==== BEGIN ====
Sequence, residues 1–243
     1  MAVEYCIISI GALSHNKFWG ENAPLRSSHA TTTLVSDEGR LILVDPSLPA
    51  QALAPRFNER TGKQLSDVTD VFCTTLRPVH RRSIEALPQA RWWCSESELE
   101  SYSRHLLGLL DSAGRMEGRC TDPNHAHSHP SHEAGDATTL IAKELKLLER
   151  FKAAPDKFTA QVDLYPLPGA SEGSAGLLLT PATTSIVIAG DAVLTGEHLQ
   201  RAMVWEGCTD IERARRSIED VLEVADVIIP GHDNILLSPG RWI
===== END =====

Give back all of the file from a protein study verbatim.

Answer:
Sequence, residues 1–243
     1  MAVEYCIISI GALSHNKFWG ENAPLRSSHA TTTLVSDEGR LILVDPSLPA
    51  QALAPRFNER TGKQLSDVTD VFCTTLRPVH RRSIEALPQA RWWCSESELE
   101  SYSRHLLGLL DSAGRMEGRC TDPNHAHSHP SHEAGDATTL IAKELKLLER
   151  FKAAPDKFTA QVDLYPLPGA SEGSAGLLLT PATTSIVIAG DAVLTGEHLQ
   201  RAMVWEGCTD IERARRSIED VLEVADVIIP GHDNILLSPG RWI